Robert was a normal middle school boy. He was a jokester and a little hyper, and he rarely thought through the consequences before he acted. I met him when I was a student minister and welcomed him into our student group with open arms. It was an honor to see him confess Christ as Lord and desire to be baptized.
The next week in the deacons meeting, our pastor let the deacons know about Robert, and then he said something surprising: “I realize that some people in this church may have a problem with Robert being baptized. His baptism is not up for question. I want to know how you are going to respond to people when they talk to you.”
This was odd. We had baptized wild-eyed middle school boys all throughout our 200-year history as a South Carolina Baptist church. What was the big deal?
I may have left out one minor detail: Robert was African-American.
For the next few moments, I realized why our pastor was being proactive in his leadership. A man in his 60s was the first to speak up and said that he was uneasy about it, but the time had come. Some in their 40s expressed their excitement that we were moving forward as a congregation. The few in the room in their 20s said, “Why are we even having this discussion?” We left that meeting unified.
With each passing generation, blatant racism seems to diminish, and we move more toward unity and closer to a better reflection of the kingdom. We’ve come a long way as Southern Baptists from our stained racist past, but we have a long way to go. Sunday morning at 11 a.m. is still the most segregated time in America. The one institution that should have been the pioneer in the integration movement — the church — is finally at the frontier.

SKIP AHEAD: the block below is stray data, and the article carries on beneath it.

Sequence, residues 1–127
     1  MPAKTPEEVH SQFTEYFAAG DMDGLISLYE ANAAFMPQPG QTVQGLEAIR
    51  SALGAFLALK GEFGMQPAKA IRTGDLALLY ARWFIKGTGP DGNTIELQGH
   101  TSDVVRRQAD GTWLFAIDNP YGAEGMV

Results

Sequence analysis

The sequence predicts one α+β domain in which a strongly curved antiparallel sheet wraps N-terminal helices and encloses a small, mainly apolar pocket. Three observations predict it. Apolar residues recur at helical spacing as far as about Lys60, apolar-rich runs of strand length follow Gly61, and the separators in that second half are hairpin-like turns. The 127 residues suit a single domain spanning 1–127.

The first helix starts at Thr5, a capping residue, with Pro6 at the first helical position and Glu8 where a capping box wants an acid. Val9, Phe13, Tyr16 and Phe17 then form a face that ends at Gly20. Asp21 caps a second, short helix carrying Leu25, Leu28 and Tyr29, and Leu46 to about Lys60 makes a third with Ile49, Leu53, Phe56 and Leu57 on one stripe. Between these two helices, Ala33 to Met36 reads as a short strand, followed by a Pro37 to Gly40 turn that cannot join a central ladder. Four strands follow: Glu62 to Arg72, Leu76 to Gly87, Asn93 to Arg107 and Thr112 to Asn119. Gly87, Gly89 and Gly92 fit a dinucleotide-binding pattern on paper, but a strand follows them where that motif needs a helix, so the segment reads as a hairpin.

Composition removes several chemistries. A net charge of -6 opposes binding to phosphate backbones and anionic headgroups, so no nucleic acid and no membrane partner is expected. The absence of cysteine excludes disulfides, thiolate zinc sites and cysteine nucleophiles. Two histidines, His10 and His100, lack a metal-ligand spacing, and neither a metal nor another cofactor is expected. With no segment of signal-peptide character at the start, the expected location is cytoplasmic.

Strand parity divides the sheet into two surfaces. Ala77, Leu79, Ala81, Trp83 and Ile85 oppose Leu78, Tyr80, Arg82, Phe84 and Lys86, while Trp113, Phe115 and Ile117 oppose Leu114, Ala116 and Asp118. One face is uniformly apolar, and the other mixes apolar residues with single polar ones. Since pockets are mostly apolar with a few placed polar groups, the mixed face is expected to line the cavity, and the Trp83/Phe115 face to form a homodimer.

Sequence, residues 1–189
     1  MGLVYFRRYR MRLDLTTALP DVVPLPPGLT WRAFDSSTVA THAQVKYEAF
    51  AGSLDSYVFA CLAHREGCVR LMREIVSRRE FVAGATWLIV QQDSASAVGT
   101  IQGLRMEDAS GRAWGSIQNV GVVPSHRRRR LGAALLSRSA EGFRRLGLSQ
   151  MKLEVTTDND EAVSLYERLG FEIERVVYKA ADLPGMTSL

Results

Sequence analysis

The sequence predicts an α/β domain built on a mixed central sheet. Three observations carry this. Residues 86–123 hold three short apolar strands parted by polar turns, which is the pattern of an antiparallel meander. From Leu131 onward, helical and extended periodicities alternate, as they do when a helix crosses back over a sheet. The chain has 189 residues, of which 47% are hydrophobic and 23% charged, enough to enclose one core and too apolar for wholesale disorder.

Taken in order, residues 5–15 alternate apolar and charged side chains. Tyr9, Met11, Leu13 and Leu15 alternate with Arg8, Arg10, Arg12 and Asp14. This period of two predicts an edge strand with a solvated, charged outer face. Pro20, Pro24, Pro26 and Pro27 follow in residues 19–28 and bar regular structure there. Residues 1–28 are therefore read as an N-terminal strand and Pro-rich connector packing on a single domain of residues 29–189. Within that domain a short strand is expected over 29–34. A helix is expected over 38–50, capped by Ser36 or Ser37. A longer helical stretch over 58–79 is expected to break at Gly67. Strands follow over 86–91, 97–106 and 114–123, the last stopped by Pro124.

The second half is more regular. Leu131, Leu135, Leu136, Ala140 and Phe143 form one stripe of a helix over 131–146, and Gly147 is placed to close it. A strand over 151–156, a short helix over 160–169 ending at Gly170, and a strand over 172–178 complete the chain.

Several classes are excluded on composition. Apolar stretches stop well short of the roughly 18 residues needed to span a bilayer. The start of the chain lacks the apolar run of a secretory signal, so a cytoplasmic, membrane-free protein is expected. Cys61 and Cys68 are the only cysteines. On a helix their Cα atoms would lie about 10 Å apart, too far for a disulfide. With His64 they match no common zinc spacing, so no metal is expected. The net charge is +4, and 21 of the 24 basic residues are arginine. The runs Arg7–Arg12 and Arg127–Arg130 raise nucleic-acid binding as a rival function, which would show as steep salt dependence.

It’s not enough for us to open our doors and simply welcome those of another skin or culture into our church. Annual pulpit exchanges aren’t going to get the job done. We must be intentional in personally putting ourselves in proximity with those not like us and building authentic relationships. Brian Lorrits, who will be our featured speaker at IMPACT on Feb. 21, says, “Proximity breeds empathy, but distance leads to suspicion.”
Sunday mornings will not change until the dinner table changes. When was the last time you had a meal with someone who was of a different race?
There are 1.4 million African-American people in our state, and about 2,000 of them, at most, are in our South Carolina Baptist churches. If we are serious about saturating every life with the hope of the gospel, we must be intentional about engaging them and partnering with churches from other denominations that are reaching them.
Robert was the first of many African-American teenagers baptized at our church. On that Sunday, there was a standing ovation.
The IMPACT conference is Thursday, Feb. 21, at Shandon Baptist Church in Columbia. Details, including instructions on how to register, can be found at www.scbaptist.org/impact.